7. I serve it sliced thin (a long-bladed non-serrated knife seems to work best), on small pieces of thin-sliced rye or pumpernickel bread, with a sauce made of 1 tablespoon sweet mustard, 1 teaspoon Dijon mustard, 1 tablespoon sugar, 1 tablespoon white vinegar, 4 - 5 oz. oil (I mix good-quality olive oil and neutral salad oil, such as Canola, equally) whisked in a drop or so at a time so that sauce emulsifies, and a whole lot of finely-chopped dill at the end.

8. Vodka or aquavit that has been stored in the freezer, served in shot glasses, goes well.[/i]
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PinkFerret
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PostPosted: Thu Feb 02, 2006 9:36 pm    Post subject: Sashimi Salmon Reply with quote

Would sushi/sashimi quality salmon work well for this without having to be frozen first?
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Michael Chu



Joined: 10 May 2005
Posts: 1606
Location: Austin, TX (USA)

PostPosted: Fri Feb 03, 2006 7:29 am    Post subject: Re: Sashimi Salmon Reply with quote

PinkFerret wrote:
Would sushi/sashimi quality salmon work well for this without having to be frozen first?

I was under the impression that sushi grade salmon was all prefrozen to destroy parasites.
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stephen88@rogers.com
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PostPosted: Thu Feb 16, 2006 3:10 am    Post subject: gravlax methods: to wrap/wieght or not Reply with quote

I've done graavlax/gravad lax for years, with lots of variations. My favorite ingredient list includes a 2:1 sugar to salt proportion (any non-iodized salt), both black and white cracked peppercorns, crushed juniper berries and tons of dill. I've also had excellent, though a bit off-beat and non-purist results adding a sprinkle of about 1tsp lemon juice which has been mixed with a few drops of pure (natural) vanilla extract. (1 tsp per lb salmon).

A wonderful method of putting up the salmon was taught me by a Swedish chef (my apologies to my Danish friends). After making the traditional filet sandwich, cut sufficient cheesecloth to wrap the sandwich 6 to 8 times. Cover the surface of your non-reactive dish with one end of the cheesecloth, throw some dill, sugar/salt mixture and pepper/juniper berry on it, then lay on the sandwich. Throw some of the same ingredient mix on the top of the sandwich. Then, wrap the sandwich in the cheesecloth while flipping it and pulling slightly on the cheesecloth with each turn.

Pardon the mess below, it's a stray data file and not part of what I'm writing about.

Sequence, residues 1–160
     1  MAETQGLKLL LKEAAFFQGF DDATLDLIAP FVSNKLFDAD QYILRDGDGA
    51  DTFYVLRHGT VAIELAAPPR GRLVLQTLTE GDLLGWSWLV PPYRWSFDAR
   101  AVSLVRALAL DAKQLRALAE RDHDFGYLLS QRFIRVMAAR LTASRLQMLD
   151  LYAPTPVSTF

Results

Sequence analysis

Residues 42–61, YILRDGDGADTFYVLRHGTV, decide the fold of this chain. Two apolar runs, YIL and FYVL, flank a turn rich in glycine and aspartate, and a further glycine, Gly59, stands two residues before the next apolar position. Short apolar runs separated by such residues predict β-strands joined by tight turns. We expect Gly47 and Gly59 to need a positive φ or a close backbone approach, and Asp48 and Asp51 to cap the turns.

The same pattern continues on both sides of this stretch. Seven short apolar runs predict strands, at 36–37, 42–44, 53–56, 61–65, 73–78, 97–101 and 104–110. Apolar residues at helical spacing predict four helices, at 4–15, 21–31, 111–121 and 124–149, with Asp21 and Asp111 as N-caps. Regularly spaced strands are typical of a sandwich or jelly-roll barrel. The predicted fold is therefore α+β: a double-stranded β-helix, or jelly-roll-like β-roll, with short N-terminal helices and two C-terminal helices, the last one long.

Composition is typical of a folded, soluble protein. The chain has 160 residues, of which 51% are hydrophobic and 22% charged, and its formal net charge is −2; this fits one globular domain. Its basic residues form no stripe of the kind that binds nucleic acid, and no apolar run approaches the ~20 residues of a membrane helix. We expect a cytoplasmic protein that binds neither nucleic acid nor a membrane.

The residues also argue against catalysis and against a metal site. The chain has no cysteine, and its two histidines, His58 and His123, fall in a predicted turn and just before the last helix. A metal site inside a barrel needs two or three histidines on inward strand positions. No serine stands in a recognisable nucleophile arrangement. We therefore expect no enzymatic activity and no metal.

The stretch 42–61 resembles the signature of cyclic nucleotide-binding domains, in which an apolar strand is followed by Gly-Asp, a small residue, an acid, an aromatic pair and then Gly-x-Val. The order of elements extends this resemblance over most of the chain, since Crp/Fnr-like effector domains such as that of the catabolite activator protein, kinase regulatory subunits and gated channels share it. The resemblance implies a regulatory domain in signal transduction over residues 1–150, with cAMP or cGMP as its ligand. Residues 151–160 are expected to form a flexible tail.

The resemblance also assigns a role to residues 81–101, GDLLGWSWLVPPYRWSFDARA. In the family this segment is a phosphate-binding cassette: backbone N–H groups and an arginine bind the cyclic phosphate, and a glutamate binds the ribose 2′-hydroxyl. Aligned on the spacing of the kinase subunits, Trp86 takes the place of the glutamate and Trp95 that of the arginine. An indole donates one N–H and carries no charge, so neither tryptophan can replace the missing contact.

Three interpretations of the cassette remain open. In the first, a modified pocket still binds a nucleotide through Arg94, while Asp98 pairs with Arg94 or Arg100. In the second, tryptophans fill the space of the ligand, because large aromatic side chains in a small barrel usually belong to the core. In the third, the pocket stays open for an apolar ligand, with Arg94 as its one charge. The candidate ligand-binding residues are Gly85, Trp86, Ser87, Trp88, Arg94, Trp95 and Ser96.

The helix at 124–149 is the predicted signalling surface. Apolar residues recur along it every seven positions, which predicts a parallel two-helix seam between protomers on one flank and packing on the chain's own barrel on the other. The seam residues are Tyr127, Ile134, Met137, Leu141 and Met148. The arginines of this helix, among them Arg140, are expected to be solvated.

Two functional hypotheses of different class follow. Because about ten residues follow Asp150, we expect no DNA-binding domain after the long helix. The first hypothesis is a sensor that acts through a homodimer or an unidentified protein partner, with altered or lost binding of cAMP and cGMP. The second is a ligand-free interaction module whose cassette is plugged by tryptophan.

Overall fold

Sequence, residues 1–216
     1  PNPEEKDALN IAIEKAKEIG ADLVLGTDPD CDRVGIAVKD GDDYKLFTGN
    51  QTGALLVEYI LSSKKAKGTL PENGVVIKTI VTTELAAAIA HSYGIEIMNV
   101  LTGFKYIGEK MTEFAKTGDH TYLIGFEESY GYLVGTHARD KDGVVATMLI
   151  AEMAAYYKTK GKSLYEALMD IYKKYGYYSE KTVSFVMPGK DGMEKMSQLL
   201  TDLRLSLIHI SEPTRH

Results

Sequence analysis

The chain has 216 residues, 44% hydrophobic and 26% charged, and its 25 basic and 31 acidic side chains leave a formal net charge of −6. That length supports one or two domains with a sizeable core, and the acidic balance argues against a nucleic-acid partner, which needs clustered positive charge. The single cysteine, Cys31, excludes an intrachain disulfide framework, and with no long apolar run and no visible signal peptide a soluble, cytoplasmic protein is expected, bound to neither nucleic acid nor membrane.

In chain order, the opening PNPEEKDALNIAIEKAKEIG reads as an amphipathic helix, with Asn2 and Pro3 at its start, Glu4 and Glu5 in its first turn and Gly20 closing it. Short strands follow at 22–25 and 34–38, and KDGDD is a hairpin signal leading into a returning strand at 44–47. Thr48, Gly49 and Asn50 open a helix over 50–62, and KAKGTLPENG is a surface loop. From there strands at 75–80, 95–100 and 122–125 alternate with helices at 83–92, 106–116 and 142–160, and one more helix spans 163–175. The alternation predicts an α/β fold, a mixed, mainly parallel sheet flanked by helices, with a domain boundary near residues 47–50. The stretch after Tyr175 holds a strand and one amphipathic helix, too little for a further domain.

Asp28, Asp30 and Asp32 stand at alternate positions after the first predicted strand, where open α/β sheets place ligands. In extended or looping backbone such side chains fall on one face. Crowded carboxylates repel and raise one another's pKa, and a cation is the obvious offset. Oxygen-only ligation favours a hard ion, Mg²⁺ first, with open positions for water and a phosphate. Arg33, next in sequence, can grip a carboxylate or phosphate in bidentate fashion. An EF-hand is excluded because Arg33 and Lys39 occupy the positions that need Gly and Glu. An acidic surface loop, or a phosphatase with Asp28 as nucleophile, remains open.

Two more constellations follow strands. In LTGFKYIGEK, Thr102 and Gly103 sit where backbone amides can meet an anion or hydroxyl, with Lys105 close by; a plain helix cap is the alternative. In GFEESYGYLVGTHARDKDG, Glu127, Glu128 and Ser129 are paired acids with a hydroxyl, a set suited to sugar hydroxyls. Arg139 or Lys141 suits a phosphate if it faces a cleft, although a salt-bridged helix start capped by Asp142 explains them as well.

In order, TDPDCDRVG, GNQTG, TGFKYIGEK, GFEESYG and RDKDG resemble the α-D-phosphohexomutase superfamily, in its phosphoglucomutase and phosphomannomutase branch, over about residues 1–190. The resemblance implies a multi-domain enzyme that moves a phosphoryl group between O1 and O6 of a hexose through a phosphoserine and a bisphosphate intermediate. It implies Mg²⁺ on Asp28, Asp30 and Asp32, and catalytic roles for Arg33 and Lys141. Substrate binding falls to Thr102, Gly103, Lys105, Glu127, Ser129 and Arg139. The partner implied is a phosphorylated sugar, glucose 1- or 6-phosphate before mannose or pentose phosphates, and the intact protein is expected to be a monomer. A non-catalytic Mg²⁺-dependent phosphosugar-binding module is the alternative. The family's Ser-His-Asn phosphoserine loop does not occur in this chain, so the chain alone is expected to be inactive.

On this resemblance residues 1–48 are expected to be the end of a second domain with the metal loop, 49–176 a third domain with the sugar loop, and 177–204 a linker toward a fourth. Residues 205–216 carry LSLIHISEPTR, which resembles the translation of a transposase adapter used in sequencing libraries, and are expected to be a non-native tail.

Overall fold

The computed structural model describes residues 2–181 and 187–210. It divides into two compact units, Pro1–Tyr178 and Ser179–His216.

This accomplishes all you need do. Each time you wrap and pull, the total pressure on the salmon is additively increased by the strength of each pull (same as when a piano tuner repairs a broken hammer shank by applying glue and then wrapping with thread). This holds the dill/berry/pepper mix firmly against the fish (don't pull too hard, just gently). It also maintains moisture all around the fish and reduces the required frequency of turning while curing. Best of all, it has always seemed to me to produce a much nicer, fresher tasting product by allowing the fish to breathe while curing (as opposed to wrapping in plastic -- think about it, they didn't have plastic wrap when this dish was first developed by our Scandi pals). Breathing is a good thing, moisture is a good thing, it's all good.

I believe you'll find the resulting product freshly flavored just the way you want it (depending upon your own ingredient mix) and with a moist, medium-firm (just firm enough to slice), melt-in-your-mouth texture.
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flora
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PostPosted: Fri Feb 24, 2006 7:14 pm    Post subject: Gravlax is salty Reply with quote

I followed this recipe EXACTLY and the gravlax was TOO salty. I have made gravlax about 4 times during my cooking life and it's always too salty. I decided to try this recipe because it uses much less salt than any of the others I've tried. Do you think 2 days is just too long?

Foiled again.